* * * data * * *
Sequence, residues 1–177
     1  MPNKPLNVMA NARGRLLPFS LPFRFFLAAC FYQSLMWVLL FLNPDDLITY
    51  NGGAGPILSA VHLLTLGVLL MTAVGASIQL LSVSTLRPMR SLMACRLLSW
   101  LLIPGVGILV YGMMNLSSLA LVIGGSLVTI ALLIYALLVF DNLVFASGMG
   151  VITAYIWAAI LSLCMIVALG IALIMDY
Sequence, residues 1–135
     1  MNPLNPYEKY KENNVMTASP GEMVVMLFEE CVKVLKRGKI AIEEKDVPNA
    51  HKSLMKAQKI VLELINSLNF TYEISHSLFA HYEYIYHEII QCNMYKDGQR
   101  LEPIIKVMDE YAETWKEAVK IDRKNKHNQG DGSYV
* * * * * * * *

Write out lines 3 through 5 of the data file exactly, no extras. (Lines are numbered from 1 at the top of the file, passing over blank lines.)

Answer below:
    51  NGGAGPILSA VHLLTLGVLL MTAVGASIQL LSVSTLRPMR SLMACRLLSW
   101  LLIPGVGILV YGMMNLSSLA LVIGGSLVTI ALLIYALLVF DNLVFASGMG
   151  VITAYIWAAI LSLCMIVALG IALIMDY